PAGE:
Manley puts government on the spot

CanWest News Service
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The mission is a mess. In a devastatingly frank assessment reflecting the sad reality of military forces in Kandahar, an independent panel says Canada's losing battle against the Taliban demands a desperate measure for a desperate time.
It suggests a form of diplomatic blackmail against the 39-nation international security force guiding the ailing Afghanistan mission: bail us out with another 1,000 fighting soldiers or we're bailing out of the conflict.
That contentious bottom line is not what Prime Minister Stephen Harper had in mind when he summoned former Liberal deputy prime minister John Manley out of political retirement to consider four options for Canada's future role in the conflict.
None of the above, declared the five-member Manley panel after digesting 200 submissions and taking a bear-witness tour of Afghanistan.
They found Canada's too-few-by-half combat troops are ill-equipped, poorly co-ordinated and losing ground to the enemy while failing to deliver adequate humanitarian aid or reconstruction help to average Afghans.
That ugly scenario has been poorly communicated to voters back home by governments that haven't shown prime ministerial leadership on the file, Manley argues.
Well, ouch. No wonder Harper stayed mum on the report recommendations Tuesday until he could figure out a decent public relations salvage strategy.
But the key push is that put-up-or-shut-up ultimatum. It will either work spectacularly well if Harper can miraculously lever additional soldiers from reluctant NATO partners or send Canada home in a sulk before the job is done.
Retreating under those dishonourable circumstances doesn't fit Harper's hawkish style and it would undoubtedly trigger an uproar in a military that would consider its 77-plus soldier lives sacrificed in vain to political gamesmanship.
For a panel that declares Afghanistan a political preoccupation requiring special cabinet and prime ministerial attention, it's a curious inconsistency to suggest Canada hold a white flag behind its back for diplomatic emergencies.
After all, Manley warns this is a holy grail mission of global security significance that can only be terminated in 2009 if Canada is willing to sacrifice its interests, compromise its humanitarian effort, encourage the Taliban to reinvade and forever black-eye Canada in the eyes of the United Nations and NATO.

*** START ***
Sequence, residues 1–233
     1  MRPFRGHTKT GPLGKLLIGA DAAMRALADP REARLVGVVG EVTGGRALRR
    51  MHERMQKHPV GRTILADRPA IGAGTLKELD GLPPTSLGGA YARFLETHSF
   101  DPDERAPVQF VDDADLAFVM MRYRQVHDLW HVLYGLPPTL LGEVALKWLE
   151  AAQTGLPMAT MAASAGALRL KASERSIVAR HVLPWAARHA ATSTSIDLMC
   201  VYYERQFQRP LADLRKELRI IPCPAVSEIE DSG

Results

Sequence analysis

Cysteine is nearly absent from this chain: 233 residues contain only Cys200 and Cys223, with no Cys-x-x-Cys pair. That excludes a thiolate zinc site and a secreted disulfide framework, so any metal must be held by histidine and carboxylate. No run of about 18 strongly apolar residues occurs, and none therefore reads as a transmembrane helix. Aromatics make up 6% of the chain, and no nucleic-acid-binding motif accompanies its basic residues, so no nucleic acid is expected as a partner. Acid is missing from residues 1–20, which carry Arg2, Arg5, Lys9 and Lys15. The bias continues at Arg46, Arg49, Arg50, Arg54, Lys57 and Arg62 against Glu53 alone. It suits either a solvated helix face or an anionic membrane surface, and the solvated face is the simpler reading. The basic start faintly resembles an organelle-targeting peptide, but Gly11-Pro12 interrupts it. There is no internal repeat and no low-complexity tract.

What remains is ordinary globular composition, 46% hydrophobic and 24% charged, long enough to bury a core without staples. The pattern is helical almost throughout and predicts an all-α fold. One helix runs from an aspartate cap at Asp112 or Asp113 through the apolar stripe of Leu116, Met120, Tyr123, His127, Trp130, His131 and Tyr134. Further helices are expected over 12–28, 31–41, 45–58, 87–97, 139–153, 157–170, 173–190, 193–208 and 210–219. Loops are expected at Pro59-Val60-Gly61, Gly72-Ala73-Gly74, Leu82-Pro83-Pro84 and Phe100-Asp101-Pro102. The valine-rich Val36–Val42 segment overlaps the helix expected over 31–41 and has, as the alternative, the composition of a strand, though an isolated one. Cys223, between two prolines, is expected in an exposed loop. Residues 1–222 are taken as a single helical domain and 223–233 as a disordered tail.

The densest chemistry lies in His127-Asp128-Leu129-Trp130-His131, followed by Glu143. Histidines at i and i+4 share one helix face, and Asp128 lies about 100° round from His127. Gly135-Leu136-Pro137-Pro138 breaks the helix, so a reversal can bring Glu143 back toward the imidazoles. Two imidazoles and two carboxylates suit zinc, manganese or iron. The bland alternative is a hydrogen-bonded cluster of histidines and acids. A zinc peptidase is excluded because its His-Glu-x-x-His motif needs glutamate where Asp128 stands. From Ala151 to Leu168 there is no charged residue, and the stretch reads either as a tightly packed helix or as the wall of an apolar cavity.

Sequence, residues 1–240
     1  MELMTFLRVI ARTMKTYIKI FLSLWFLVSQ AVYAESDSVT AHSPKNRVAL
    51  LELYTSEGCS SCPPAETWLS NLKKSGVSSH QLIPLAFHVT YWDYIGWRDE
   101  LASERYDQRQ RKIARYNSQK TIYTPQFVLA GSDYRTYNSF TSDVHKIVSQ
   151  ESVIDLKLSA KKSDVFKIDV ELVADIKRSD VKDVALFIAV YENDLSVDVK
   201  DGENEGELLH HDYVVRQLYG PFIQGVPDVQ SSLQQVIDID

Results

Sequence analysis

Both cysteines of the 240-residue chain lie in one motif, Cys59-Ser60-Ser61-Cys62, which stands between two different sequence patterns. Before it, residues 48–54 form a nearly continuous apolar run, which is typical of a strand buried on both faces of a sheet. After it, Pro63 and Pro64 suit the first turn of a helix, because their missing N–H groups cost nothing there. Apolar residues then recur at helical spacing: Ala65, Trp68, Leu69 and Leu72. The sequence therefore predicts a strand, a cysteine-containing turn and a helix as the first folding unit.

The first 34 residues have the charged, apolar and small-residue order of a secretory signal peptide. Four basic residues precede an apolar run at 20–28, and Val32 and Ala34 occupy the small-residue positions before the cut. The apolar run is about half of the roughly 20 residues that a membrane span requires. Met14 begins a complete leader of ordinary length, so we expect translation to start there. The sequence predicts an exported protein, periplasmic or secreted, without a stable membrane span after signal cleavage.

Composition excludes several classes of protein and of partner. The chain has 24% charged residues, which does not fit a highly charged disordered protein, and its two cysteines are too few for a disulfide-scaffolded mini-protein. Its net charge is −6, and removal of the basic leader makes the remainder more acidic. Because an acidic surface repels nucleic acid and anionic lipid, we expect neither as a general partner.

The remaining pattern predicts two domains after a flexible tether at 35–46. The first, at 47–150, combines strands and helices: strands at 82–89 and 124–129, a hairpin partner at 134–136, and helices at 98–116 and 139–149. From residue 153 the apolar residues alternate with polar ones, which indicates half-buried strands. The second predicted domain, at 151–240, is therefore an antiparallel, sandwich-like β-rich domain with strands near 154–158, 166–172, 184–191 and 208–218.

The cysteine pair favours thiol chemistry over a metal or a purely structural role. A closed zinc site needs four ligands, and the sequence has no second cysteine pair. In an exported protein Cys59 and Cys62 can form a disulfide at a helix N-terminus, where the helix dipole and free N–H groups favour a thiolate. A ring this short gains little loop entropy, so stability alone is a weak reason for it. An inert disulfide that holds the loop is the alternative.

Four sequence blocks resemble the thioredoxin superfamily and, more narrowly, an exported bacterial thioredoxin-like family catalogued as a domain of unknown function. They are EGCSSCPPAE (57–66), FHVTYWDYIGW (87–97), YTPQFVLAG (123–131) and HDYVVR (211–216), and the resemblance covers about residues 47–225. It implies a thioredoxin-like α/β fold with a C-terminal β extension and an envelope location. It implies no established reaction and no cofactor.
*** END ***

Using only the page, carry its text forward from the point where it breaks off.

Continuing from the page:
But diplomatic arm-twisting has failed so miserably to date, there's probably no harm in attempting to bluff that coalition of the chickens in relatively safe northern Afghanistan to move some of their troops south into danger.
Win or lose under the raised-stakes plan, any motion derived from this panel's report is far from assured safe parliamentary passage.
The New Democrats and Bloc Quebecois have made their opposition to an extended mission very clear.
And it'll be a difficult swallow for Liberal Leader Stephane Dion, who wants Canada out of harm's way in 2009, to support a report that fails to define the winning conditions for any withdrawal at some unspecified future date.
If Dion stands against the mission extension in April and the prime minister declares it a confidence vote, an election disguised as an Afghanistan referendum would be foisted on Canadians this spring.
But the greater value of the report is to paint the government-suppressed Afghanistan picture that embedded reporters and non-government aid agencies have seen for themselves in recent years.
There is no doubt Canadian soldiers are fiercely loyal to the mission, but lacking essential equipment. There is a sense of helplessness for troops waiting for other nation's helicopters to pick up their injured and deliver supplies. Canada does not have any lift capacity of its own in the war, something the panel wants fixed.
Well-meaning soldiers in reconstruction units tend to be deployed haphazardly in heavily armed convoys. The panel says civilians would be more effective, friendly faced, good-deed-doers.
Canada's $100 million in annual aid is delivered ad hoc by workers kept inside military bases until allowed outside by timid Ottawa bureaucrats, the panel says. Building a "signature" major hospital or irrigation project makes more sense.
The panel concludes Kandahar is not yet a write-off for Canadian Forces, but warns it will be mission impossible if done in half measures.
The fact stands that Canada is losing its war in Afghanistan. It's high time other nations measured up as worthy allies against global terrorism - without being blackmailed by our bluff.

Don Martin writes for the CanWest News Service

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